Operation Medusa Takes Heavy Toll on Taliban
Coalition forces fighting in Kandahar province continue to inflict massive casualties on Taliban forces in the Panjwai, Zhari and Pashmul regions west of Kandahar City. The latest round of fighting in Operation Medusa has claimed an estimated 50 to 60 Taliban killed during air and artillery strikes. This follows a weekend of fighting that claimed over 200 Taliban and 5 Coalition forces killed.
No Coalition forces were killed or wounded during the latest round of fighting. Major Scott Lundy, a Canadian Army officer and spokesman for NATO provides a status update of the fighting in the region.
Maj. Scott Lundy said earlier Tuesday that an estimated 700 militants were "trapped" in an area spanning several hundred square miles in Panjwayi and Zhari districts, some in fortified compounds, others moving in the open.
NATO has also reported 80 Taliban have been arrested and that another 180 have fled the fighting - some of the most intense since the fall of the Taliban regime nearly five years ago. "It's a complex battle space. Some (Taliban) elements are fixed, others are moving," Lundy said.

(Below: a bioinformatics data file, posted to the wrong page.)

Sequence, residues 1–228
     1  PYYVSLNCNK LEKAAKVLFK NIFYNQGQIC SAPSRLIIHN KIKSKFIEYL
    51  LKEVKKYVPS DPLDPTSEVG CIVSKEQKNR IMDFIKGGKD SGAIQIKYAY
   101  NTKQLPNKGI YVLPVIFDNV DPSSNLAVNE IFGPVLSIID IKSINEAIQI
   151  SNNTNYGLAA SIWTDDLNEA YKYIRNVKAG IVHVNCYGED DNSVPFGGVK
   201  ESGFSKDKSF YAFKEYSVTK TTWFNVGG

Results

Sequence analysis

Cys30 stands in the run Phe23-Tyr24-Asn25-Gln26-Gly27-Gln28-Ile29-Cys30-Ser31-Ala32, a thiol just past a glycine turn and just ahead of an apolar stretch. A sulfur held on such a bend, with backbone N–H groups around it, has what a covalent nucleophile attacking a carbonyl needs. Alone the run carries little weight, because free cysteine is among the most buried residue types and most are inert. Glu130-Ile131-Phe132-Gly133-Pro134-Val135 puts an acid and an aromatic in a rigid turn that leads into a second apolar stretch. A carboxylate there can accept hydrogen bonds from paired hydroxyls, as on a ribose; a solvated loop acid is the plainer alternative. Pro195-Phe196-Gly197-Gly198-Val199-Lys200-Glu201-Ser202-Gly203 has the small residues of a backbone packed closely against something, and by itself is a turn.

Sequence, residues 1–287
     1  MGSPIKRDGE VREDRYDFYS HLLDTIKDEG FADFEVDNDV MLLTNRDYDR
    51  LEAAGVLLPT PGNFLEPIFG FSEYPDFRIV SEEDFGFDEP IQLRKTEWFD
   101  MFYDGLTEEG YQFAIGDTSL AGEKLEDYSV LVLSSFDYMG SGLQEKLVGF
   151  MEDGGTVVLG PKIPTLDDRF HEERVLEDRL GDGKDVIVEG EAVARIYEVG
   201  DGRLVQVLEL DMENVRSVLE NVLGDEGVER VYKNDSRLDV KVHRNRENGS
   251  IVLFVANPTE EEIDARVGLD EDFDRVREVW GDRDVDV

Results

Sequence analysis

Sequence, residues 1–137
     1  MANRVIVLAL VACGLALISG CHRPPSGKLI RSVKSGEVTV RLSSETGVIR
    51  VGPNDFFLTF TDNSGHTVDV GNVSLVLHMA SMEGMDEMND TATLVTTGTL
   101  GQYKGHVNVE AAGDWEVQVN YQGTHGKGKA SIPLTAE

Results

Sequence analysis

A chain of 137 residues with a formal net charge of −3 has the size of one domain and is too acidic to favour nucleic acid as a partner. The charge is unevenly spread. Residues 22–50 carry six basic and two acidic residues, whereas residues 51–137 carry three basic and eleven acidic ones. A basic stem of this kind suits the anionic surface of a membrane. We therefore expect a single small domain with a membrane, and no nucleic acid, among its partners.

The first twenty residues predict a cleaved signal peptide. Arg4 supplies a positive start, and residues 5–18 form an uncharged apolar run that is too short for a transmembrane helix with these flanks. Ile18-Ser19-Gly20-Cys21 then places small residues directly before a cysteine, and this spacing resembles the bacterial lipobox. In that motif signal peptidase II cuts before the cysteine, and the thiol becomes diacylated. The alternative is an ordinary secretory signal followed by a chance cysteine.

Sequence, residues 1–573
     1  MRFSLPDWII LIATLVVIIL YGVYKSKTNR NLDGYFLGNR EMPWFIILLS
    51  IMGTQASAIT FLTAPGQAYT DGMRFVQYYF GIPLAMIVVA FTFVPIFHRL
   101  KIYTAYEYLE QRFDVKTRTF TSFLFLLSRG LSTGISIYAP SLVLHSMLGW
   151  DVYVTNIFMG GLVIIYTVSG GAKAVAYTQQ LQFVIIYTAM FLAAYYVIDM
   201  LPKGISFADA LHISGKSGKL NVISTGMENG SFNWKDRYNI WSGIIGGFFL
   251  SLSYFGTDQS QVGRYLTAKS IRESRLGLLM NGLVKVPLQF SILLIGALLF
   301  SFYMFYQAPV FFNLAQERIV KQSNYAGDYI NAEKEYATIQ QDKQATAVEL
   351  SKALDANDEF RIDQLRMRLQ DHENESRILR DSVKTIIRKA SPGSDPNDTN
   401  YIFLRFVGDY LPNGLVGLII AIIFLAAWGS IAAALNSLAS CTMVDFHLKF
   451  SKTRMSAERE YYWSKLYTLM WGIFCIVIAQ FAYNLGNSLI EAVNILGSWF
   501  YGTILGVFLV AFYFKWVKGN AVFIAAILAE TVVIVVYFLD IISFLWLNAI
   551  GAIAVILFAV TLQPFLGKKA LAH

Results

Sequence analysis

While no security cordon is unbreakable, the Coalition and Afghan security forces have an opportunity to strike a decisive blow against the Taliban holed up in the region. The Taliban who choose to fight from fixed positions will face withering air or artillery fire, and Taliban units that choose to move in sizable formations will be exposed to air, artillery and ground forces. The Taliban's best bet is to lay down their arms and attempt to slip away from the fighting disguised as civilians.
Operation Medusa appears to be a meticulously planned and executed operation. While I was in this region in June, the Canadian Army was just beginning to reposition units in Zhari, and had set up a Patrol Base at the district center. Back in June, the Canadian Army hoped to achieve the results currently seen in Medusa today,but operations often fell short of expectations. The initial success in Kandahar indicates the Canadian and Afghan security forces have made inroads in the region, and are now gaining solid, actionable intelligence from their months of hard work.